In mid-January, Research 2000 did a poll for the liberal Daily Kos Web site that showed that 34 percent of Minnesotans supported Coleman going forward with a legal challenge to the results while 47 percent opposed such a move. (Yes, we know that the poll was conducted for a liberal blog but Research 2000 is generally regarded as a reputable firm in the polling community.)

"There's definitely risk," said one senior Republican operative of Coleman's strategy. "Time is definitely a problem."

One need only look to Florida for a cautionary tale in pushing a race too far/long. In 2006, Democrat Christine Jennings came up just a few hundreds votes short against Rep. Vern Buchanan (R) in the 13th district. Democrats quickly noted that there were 18,000 so-called "undervotes" (where a vote was cast for other offices but not the congressional race) and Jennings exhausted her legal options in a back and forth that spanned well into 2007.

By the time she prepared to run again in 2008, voters seemed to be over Jennings -- having been exposed to her on and off for the last several years. Despite President Obama's strong showing in Florida, Buchanan crushed Jennings by 18 points.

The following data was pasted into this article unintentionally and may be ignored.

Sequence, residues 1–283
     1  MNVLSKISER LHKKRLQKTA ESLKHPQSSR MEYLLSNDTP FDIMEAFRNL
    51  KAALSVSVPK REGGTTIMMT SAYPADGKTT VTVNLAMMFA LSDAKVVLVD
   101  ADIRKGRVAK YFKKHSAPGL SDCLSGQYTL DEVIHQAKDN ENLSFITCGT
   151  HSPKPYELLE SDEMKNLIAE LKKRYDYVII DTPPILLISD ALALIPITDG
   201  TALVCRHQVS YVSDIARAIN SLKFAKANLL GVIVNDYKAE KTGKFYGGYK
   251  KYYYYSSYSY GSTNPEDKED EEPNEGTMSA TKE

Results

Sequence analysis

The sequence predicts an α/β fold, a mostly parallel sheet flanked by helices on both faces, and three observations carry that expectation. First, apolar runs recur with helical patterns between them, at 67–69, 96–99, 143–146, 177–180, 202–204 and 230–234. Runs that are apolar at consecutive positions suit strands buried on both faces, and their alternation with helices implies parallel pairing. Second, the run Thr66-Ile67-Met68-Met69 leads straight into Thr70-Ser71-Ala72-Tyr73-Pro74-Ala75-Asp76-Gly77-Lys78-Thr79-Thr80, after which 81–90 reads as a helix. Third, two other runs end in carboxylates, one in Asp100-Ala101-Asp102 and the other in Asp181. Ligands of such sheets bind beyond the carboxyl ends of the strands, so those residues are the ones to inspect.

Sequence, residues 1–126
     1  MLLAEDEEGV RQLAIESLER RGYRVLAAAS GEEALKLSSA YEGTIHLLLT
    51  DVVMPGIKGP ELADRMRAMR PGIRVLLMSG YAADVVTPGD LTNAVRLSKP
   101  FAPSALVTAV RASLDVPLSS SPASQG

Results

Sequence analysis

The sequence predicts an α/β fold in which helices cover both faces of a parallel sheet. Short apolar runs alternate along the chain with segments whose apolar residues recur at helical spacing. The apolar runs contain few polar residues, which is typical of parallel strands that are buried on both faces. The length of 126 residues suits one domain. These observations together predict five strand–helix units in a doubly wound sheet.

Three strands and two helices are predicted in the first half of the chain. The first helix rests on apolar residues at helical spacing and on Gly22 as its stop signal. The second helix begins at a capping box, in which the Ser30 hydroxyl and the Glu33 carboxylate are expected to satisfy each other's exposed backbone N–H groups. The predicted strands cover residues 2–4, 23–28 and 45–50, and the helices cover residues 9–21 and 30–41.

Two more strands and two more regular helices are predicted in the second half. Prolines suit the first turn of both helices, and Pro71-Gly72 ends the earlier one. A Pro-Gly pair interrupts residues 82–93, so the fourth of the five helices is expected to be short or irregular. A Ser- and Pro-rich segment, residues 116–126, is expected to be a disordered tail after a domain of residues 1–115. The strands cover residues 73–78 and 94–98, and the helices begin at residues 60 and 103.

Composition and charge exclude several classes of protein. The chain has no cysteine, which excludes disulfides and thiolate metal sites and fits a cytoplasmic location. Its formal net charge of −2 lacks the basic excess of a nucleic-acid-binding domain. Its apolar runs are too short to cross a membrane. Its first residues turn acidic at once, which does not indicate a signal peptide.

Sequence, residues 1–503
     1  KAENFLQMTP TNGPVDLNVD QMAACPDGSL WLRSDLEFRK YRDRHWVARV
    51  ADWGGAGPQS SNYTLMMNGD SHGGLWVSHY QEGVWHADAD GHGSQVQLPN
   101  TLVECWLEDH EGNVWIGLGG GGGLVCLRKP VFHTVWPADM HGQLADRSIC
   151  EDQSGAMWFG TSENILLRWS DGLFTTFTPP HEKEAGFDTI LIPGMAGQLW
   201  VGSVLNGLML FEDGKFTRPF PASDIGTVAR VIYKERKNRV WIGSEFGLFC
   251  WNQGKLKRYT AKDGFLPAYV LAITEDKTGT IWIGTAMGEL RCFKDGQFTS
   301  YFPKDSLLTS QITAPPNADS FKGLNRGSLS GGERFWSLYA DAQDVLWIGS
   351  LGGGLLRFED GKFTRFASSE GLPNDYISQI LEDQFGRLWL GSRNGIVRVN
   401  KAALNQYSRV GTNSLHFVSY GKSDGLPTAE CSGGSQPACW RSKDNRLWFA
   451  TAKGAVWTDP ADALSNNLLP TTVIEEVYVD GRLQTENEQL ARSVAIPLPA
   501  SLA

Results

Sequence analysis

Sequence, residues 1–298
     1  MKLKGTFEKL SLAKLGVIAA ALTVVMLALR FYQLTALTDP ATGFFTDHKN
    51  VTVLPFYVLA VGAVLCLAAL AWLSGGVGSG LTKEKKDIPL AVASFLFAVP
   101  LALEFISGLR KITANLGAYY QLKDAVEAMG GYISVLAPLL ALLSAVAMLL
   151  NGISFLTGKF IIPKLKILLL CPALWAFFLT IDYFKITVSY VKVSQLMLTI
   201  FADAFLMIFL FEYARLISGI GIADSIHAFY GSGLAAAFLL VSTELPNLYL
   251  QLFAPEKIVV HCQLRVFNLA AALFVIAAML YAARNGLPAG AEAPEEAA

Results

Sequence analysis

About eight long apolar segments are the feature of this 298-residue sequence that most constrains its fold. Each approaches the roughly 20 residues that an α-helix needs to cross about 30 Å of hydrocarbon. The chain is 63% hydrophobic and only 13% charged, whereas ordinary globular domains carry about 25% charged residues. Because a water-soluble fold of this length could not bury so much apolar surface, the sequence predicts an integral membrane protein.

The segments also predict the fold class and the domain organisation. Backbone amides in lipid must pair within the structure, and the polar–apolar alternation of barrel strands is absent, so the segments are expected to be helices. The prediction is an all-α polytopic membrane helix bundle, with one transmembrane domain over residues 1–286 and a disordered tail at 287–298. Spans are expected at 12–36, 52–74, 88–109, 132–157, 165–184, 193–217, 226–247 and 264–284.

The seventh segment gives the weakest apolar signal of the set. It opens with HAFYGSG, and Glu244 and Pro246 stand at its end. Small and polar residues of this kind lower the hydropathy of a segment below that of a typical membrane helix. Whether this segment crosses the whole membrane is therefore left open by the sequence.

Does Coleman risk that same fate if he continues the legal battle for months more? Maybe.

His allies argue that the people pushing hardest for Coleman to continue fighting or to get out today are the respective bases of the two parties who won't change their opinions regardless of how long the legal proceedings drag out.

And, in terms of a future race, Coleman will need those loyal activists in his corner if he ultimately comes up short. "Franken and Coleman have already upset everyone they're going to, and quitting early would disappoint donors and supporters invested in him," said one Republican strategist who has followed the Minnesota race closely.

True enough. But, the longer this race drags out, the more potential to alienate the vast middle of Minnesota politics -- those voters unaffiliated with either party who have elected among the most conservative Senators (Rod Grams), among the most liberal senators (Paul Wellstone) and certainly the strangest governor (Jesse Ventura).